I work with people on both extremes in the job market: from unemployed looking for an opportunity to those who are currently employed and looking for a new opportunity. Individuals in both these categories can get a case of “the grass is greener” syndrome.
The Currently Employed
The boss is a jerk, the co-workers are uncooperative and the raises have diminished. The happy, shiny has worn off to expose the cold hard steel of the framework of the job. It isn’t fun any more or maybe not fulfilling.
So the thought of a new job where you will be appreciated, better pay and be a part of a collaborative environment sounds like the right fix. But is it real?
Things always look better from the outside. Oh sure, it may stink where you are, but is it really that bad or are perhaps you the one stinking up the place? Maybe your attitude has affected how others around you are treating you. Remember, when you point that finger there are three more pointing right back at you.
Leaving a position isn’t always the best fix. It is a band-aid and a way to avoid any real issues.
When I worked in the financial industry I remember several times having the thoughts of wanting to get the hell out of dodge from one of my employers. It was normally at a particularly bad point whether it was a couple days or week but I had had enough.
Then I would take some time to play devil’s advocate. I loved the people I worked with and I loved the job that I did. But people got on my nerves, my boss was extremely demanding.
However, the flip side to that was I am sure I got on their nerves too and I was even more demanding of myself than he could have ever been. I set the bar high so it basically allowed him to challenge me to be more, do better and excel. And I did.
So after the initial desire to run subsided I would look around and appreciate where I was and what I was doing. It was the best job in the industry I ever had.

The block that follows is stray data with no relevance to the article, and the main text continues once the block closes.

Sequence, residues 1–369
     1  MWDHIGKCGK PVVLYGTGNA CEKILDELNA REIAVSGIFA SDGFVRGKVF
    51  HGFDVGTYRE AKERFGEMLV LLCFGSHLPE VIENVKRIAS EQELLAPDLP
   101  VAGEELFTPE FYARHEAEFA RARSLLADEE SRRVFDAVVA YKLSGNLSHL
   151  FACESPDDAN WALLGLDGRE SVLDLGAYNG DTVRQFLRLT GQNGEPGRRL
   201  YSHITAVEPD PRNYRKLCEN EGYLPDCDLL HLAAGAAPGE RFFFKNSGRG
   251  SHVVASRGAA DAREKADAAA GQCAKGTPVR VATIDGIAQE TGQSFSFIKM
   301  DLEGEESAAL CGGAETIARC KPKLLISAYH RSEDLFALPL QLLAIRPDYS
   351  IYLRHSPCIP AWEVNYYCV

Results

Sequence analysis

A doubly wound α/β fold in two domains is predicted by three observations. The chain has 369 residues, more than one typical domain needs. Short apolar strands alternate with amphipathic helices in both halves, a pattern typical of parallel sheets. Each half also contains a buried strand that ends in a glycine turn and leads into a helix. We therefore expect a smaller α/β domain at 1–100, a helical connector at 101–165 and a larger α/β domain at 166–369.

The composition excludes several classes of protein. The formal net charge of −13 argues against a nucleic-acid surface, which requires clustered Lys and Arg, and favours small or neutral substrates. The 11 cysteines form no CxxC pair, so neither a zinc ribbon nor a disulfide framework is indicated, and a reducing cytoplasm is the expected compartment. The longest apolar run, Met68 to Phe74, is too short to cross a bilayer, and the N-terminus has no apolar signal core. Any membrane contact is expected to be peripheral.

Before you completely bail on a job, think about the positives and make sure that there is nothing that you could do yourself before you try to job hop. Because you might just be leaving the best thing you ever had.
Sometimes those looking for their next opportunity are actually afraid of the right job. They are afraid of the green grass. They are afraid that since they have been out of commission for a bit they may not measure up. When this happens oftentimes they might look for a sub par position because it feels safer. They would rather stay in the dilapidated field because it is what they know.
Safe is comfortable and secure; growth is scary and challenging. Choose growth.
I have had clients that have gone from one disastrous position to another because they are afraid to commit to a position which utilizes their fullest potential. All the positions end badly but they have no battle scars because they were never truly invested.
You need to invest in yourself and the company – that’s when a real fulfillment can be obtained. You may feel as though you are not good enough for that job or that company. If you don’t even try then you are failing yourself.
If you do apply for a position, gotten a call back and still feel that way then it is your own insecurity. If they have spoken to you or want to speak with you then obviously you are the only one seeing things in that manner.
Everyone has insecurities but growth helps you overcome them to reach the level where you need to be; where you can reach your fullest potential, help your clients the most and give the most value to your teammates.
The next safe thing might not be the right thing; perhaps a current or past opportunity was really the best thing. Stop running and stop fighting it. If you keep going after the unfulfilling, mediocre positions than you will always feel less than truly happy.
No one is born a leader of a company. It takes trial, error, failure, attempt, success, fear and just plain guts. If you don’t try you won’t know. Do not assume that the grass is too green for you, take a chance, throw off your shoes and go walk around awhile in the field – that grass feels pretty good under your feet.
Lisa K. McDonald, CPRW
Certified Professional Resume Writer
Career Polish, Inc.